Medicaid Intentionally Defective Trusts and Medicaid Qualified Income Trust (Miller Trust)
Comprehensive Medicaid planning involves not only a careful examination of an individual’s health care needs and finances but also an understanding of the eligibility requirements. Navigating through complex state and federal laws to determine whether you qualify for Medicaid can be an overwhelming task, and for many people, consulting with a qualified attorney is helpful. At Adler Law LLC, we can identify legal strategies that may be available in your particular situation to help you plan for Medicaid eligibility. Indianapolis Medicaid planning lawyer Michael J. Adler has been practicing in this area for over 20 years. He can explain the legal options that may allow you to qualify for Medicaid without losing your assets, including the creation of a Medicaid Intentionally Defective Trust or a Medicaid Qualified Income Trust, also known as a Miller Trust.Creating a Medicaid Intentionally Defective Trust
Medicaid is a government program that covers the care of individuals who cannot afford nursing home care and other medical needs. In general, the applicant’s income and family size, age, resources and assets, and medical needs are used to establish whether he or she is eligible for Medicaid. While Medicaid laws require beneficiaries to have little income and few assets, not all of an applicant’s property is considered when determining eligibility. Accordingly, it may be feasible to re-structure the ownership of an individual’s property and assets to enable Medicaid eligibility.
In some cases, this may be accomplished by transferring assets into a special kind of irrevocable trust. A Medicaid Intentionally Defective Trust allows the grantor to retain an interest in the trust assets while benefiting from legal opportunities that facilitate Medicaid planning. Any asset transfers into a Medicaid Intentionally Defective Trust must be made by the grantor before the gifting ineligibility period, which is generally five years before the time that the grantor needs Medicaid coverage. Although the grantor will still pay income tax on the trust earnings, he or she will be able to take advantage of personal income tax deductions and retain certain rights over the trust property. In addition to reducing the grantor’s estate for the purposes of Medicaid eligibility, a Medicaid Intentionally Defective Trust can be used to avoid probate of the trust’s assets.Devising a Medicaid Qualified Income Trust (Miller Trust)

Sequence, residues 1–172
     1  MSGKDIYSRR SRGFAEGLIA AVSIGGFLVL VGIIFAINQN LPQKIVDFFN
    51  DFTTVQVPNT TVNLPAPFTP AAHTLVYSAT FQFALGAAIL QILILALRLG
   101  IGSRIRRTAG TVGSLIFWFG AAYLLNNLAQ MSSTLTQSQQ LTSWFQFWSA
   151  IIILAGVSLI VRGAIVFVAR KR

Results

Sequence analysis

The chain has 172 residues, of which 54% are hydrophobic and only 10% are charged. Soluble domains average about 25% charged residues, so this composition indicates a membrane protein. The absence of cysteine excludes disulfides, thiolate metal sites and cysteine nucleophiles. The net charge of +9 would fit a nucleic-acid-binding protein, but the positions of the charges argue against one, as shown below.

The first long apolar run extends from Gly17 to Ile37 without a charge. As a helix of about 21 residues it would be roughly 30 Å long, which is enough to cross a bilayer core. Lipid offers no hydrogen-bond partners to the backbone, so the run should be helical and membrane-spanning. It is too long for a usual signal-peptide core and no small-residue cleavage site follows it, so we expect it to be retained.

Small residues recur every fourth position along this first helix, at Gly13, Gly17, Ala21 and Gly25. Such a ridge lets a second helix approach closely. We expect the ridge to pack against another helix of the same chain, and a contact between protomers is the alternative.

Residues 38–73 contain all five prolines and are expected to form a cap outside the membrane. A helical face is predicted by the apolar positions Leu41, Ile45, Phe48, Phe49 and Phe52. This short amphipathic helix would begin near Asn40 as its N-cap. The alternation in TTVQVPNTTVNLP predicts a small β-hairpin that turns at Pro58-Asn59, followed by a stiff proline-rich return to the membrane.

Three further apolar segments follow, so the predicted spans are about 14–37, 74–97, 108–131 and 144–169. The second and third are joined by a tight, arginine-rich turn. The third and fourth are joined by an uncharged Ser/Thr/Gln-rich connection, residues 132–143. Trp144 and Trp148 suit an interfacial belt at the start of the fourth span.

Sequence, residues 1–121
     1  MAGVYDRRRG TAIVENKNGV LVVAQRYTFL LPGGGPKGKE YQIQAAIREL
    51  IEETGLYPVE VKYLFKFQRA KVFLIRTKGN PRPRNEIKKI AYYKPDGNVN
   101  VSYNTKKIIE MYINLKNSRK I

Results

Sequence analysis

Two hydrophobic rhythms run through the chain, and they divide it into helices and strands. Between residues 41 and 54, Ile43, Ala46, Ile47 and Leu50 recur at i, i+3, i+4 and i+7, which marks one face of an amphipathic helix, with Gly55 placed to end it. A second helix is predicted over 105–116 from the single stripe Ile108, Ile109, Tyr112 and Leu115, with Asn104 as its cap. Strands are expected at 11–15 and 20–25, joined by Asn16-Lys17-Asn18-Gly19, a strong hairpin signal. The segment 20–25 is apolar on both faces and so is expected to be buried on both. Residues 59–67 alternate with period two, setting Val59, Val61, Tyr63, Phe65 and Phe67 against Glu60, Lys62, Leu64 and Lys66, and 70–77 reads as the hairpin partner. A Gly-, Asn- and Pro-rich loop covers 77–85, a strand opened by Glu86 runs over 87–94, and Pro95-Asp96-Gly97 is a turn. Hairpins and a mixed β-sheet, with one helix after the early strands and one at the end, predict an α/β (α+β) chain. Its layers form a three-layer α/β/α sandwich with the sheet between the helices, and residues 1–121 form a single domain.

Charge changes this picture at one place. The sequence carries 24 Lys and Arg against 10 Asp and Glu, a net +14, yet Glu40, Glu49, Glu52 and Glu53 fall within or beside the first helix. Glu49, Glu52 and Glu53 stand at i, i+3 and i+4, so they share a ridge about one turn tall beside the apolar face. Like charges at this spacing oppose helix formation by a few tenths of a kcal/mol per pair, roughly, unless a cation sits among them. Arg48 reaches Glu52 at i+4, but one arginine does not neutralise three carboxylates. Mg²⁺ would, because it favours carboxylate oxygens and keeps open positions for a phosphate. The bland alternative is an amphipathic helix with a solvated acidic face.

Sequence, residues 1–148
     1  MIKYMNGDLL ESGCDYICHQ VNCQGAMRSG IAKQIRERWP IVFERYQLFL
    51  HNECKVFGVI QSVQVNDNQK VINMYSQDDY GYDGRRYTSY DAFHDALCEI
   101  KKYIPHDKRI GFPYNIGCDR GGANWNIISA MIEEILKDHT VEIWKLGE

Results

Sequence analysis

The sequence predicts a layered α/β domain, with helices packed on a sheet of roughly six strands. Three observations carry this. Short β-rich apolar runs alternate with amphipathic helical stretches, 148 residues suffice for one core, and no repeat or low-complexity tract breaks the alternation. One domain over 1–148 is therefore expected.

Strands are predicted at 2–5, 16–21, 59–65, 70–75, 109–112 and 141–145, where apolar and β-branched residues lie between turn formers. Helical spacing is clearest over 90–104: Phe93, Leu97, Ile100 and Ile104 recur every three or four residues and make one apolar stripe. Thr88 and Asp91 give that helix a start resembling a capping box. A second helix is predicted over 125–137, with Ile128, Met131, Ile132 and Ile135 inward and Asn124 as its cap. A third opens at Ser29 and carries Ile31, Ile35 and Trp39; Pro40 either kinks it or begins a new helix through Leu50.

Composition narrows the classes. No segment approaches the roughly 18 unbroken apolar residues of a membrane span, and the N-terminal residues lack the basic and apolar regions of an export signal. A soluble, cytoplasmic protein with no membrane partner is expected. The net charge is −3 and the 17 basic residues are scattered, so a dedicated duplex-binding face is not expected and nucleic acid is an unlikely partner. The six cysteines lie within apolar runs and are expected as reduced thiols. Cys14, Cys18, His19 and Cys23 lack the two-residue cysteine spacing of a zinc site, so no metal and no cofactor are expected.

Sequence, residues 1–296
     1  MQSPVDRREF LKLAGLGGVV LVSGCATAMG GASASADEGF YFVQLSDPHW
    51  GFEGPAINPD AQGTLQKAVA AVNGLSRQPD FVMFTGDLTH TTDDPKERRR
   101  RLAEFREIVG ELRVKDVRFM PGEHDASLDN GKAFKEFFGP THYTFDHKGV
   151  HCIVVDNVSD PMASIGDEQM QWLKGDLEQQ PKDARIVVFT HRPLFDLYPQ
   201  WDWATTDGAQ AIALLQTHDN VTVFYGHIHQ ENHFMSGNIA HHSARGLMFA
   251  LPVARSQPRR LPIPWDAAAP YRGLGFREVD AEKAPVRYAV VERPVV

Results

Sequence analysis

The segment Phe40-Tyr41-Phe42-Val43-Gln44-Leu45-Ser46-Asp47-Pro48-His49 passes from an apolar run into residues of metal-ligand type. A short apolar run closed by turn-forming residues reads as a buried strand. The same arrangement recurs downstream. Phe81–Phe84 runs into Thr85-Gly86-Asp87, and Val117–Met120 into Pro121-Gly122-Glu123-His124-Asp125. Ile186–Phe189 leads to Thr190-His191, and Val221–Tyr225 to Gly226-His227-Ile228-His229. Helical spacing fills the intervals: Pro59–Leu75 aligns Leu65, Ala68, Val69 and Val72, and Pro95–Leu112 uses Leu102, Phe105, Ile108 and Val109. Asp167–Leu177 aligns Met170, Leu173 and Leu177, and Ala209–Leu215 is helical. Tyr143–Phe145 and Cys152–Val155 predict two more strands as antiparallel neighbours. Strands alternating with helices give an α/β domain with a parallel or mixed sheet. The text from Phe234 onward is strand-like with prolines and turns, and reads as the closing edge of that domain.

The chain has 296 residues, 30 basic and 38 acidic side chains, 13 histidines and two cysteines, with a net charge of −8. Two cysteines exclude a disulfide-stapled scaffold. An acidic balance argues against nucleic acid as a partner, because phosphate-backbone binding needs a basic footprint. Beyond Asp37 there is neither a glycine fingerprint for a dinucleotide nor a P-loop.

A Medicaid Qualified Income Trust, also known as a Miller Trust, is an irrevocable trust created to hold a certain amount of income in order for an individual to meet Medicaid income eligibility requirements. Since Indiana recently became an income cap state for the purposes of Medicaid coverage, residents with income that exceeds the eligibility limit may qualify for Medicaid by directing the excess income into a Medicaid Qualified Income Trust. The trust will then distribute a small personal needs allowance to the Medicaid beneficiary and a minimum monthly maintenance needs allowance to the beneficiary’s spouse, with the remaining income used to contribute toward the beneficiary’s health care expenses.Discuss Your Options With a Medicaid Planning Lawyer in Indianapolis
A knowledgeable attorney can help you determine whether you will benefit from establishing a Qualified Income Trust or a Medicaid Intentionally Defective Trust. With considerable experience and comprehensive legal knowledge, Indianapolis attorney Michael J. Adler can assist you in devising a plan to maintain Medicaid eligibility while preserving your assets. Mr. Adler serves people in Indianapolis, Westfield, Zionsville, Greenwood, Carmel, and Fishers, as well as other cities in Marion, Hamilton, Boone, Johnson, and Vigo Counties. Contact Adler Law LLC by phone at 317-635-7880 or online for a consultation with an elder law attorney.